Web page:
Medal of Honor: Vanguard Review (Wii)

This may be a slightly unusual review of Medal of Honor Vanguard. Chiefly because, believe it or not, I haven't played either Medal of Honor or Call of Duty before. So if like me you want to know what all the fuss is about, or you want a fresh perspective on this popular franchise, read on!

Covering fire for that lackluster AI
Nice varied environments

I popped in the disc with baited breath not quite sure what to expect, apart from novel aiming schemes and Gamecube(ish) graphics. As a volley of music announced the gameís Wii- channel and automatically upgraded my Wii (parental settings I hadn't yet applied perhaps?) I was pretty impressed and ready to get into the game proper.

Jumping into the game, I was first struck by similarities with other first person shooters (FPS). From Halo for instance I recognised the proper orchestral score, the professional voice-work of fellow soldiers and the ability to recharge health by finding cover. Other FPS franchises such as Gears of War had also been brought to bear in Vanguardís cover system. A confident provision of 'stop and pop' game play, controlled via the analogy stick on the nun-chuck.

These aspects of the game were well executed and meant that I was happy to suspend my suspicion of other less impressive parts of the game, until I'd played through a few levels. The first of which introduced, what I understand to be a staple element from the upcoming Medal of Honor Airborne, parachuting into the mission arena. Again this was nicely executed with nun-chuck used to pull one cord and the Wii-mote to pull the other, you had a good degree of control of where you landed, although not to the extent promised by Airborne.

A moment of quiet before the storm
Squad tactics - Charge!

Before we cast a more critical eye over proceedings, let me cut to the chase. The key issue for any Wii FPS release is: do the controls work? The answer for Vanguard is mainly yes, but not without its faults. I was impressed by the feel of the main moving and aiming dynamic. The Wii-mote targeting provides excellent sniping control, although it is more clunky for close encounters. The most compelling argument here is that after 15 minutes or so the controls become second nature so that you become less aware of anything unusual and can just enjoy the game.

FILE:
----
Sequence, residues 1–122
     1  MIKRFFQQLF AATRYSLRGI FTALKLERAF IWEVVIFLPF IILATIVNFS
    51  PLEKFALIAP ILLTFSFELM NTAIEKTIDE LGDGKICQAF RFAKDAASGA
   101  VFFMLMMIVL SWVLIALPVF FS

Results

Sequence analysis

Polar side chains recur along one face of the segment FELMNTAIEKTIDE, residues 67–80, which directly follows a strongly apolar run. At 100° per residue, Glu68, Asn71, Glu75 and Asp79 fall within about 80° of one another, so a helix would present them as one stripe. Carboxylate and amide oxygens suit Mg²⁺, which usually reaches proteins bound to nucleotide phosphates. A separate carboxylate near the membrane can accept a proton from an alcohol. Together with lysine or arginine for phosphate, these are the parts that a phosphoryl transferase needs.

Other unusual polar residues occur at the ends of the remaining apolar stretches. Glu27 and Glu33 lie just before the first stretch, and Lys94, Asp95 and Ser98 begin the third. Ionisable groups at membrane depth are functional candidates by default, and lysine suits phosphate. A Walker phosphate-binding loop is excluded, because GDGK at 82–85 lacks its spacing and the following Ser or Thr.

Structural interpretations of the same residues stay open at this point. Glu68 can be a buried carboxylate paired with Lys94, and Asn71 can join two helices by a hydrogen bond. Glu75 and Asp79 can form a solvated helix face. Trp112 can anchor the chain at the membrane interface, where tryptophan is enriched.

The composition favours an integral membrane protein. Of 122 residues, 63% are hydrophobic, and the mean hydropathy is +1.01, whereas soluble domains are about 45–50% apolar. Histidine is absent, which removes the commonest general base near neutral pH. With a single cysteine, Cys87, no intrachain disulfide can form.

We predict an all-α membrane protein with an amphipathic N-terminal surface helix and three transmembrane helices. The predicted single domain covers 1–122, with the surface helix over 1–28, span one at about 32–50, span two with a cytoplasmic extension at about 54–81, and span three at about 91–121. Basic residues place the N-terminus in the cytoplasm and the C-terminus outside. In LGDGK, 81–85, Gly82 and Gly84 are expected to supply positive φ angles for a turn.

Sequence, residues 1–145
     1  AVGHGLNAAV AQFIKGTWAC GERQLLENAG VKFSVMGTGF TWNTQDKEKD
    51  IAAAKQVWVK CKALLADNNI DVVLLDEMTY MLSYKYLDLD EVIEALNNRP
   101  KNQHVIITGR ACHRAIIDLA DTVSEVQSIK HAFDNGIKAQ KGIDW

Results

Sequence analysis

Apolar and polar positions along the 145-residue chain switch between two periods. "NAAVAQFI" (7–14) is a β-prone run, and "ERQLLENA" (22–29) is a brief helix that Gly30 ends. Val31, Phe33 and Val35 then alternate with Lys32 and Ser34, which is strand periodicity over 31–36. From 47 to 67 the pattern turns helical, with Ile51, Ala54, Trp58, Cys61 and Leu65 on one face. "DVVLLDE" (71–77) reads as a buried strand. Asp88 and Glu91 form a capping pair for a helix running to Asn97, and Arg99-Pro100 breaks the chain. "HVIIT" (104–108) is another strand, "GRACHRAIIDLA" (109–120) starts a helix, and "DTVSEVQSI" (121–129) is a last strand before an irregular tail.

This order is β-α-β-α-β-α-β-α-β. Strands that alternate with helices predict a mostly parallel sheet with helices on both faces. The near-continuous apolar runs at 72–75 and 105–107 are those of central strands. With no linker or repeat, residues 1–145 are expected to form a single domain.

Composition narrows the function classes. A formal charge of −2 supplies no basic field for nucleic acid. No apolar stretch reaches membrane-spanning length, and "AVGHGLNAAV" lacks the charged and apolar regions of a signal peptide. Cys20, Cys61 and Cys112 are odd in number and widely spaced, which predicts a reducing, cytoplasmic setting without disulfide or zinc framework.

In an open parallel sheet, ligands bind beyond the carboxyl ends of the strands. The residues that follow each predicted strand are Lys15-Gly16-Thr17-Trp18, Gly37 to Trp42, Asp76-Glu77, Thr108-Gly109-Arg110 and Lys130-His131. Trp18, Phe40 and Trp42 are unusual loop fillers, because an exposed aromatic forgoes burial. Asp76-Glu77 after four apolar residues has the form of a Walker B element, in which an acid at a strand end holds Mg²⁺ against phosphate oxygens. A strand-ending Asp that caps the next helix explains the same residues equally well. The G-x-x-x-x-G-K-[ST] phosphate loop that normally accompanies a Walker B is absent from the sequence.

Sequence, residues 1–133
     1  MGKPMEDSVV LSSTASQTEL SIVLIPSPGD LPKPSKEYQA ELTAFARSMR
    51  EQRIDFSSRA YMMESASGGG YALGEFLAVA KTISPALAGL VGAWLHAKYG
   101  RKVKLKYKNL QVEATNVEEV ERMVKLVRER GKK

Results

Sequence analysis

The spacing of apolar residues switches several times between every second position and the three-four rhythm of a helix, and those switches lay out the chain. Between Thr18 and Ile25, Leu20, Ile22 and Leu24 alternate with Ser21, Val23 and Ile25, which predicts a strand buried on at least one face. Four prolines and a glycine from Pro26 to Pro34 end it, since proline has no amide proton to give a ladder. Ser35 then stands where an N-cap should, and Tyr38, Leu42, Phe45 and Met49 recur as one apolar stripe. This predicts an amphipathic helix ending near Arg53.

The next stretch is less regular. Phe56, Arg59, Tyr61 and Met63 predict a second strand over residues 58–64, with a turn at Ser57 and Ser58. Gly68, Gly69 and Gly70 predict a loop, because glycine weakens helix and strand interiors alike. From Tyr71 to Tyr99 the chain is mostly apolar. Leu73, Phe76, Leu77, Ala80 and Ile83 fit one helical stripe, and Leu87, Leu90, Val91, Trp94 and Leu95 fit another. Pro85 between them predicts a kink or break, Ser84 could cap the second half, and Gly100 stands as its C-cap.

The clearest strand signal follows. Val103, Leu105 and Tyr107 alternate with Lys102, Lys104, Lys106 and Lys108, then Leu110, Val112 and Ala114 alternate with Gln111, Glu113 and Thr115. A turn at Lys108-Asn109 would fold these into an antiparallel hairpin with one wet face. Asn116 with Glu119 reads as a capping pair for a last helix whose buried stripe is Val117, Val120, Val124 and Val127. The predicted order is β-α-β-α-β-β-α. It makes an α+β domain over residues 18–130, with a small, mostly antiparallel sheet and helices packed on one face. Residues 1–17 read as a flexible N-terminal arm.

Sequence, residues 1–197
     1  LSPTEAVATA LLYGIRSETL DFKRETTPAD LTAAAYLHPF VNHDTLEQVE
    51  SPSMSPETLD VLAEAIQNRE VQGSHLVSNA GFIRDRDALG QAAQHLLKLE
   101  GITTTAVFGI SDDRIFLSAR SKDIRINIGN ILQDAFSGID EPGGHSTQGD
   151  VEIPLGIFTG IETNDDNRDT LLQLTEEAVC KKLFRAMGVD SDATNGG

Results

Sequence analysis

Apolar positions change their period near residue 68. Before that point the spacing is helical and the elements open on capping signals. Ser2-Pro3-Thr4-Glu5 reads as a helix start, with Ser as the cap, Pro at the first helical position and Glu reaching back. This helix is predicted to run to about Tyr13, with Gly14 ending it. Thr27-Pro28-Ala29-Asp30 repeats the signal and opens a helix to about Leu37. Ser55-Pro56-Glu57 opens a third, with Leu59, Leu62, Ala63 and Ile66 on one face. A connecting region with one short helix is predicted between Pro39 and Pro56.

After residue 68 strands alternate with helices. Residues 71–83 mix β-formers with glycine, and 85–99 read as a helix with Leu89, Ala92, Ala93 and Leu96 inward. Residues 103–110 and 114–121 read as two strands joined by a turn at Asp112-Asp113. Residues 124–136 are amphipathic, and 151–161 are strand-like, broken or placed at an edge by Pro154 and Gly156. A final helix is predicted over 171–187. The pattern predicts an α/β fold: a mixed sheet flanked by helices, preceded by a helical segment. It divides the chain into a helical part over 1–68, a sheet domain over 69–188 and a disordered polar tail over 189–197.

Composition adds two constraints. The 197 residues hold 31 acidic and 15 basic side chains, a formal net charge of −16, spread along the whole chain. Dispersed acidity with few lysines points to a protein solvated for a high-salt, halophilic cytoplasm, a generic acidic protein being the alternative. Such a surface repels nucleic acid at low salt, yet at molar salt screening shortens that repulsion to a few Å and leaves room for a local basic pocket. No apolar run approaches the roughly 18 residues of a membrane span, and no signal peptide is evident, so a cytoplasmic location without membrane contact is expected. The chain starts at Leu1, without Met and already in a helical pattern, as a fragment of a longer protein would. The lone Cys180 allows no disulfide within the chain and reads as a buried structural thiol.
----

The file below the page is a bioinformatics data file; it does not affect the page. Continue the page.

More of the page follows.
That said, there is still work to be done here. The mapping of actions such as running and melee to buttons at either end of the Wii-mote left me fumbling up and down trying to find the right one. The use of nun-chuck gestures also proved too sensitive and often introduced an unwanted crouch or jump when things got hectic. Luckily, the majority of these features were superfluous and could be ignored leaving a largely functional and satisfying sense of control.

My main gripe with Vanguard was the lack of any meaningful sense of human-like artificial intelligence (AI). Both allies and enemy troops are either obviously on rails, or simply repeating the same action over and over. This may be why there is also a lack of any computer players in the multiplayer modes. I would have been happy to forgive this limitation if there had been a co-op mode for the campaigns, but without either this turns into a solitary pursuit.

Clearing out the bridge
Time to find cover!

Overall the good points (controls, musical score and cover system) were enough to keep me coming back for more. And although I canít really find £40 of high quality gaming here, it certainly serves up enough to pick it up when the price starts to come down.

Top Game Moment:
Combination of the smooth analogue aiming and the great execution of popping out from cover with the nun-chuck. Crawling through the undergrowth, working from wall to wall and edging just the tip of your barrel out to get a perfect headshot has never felt better.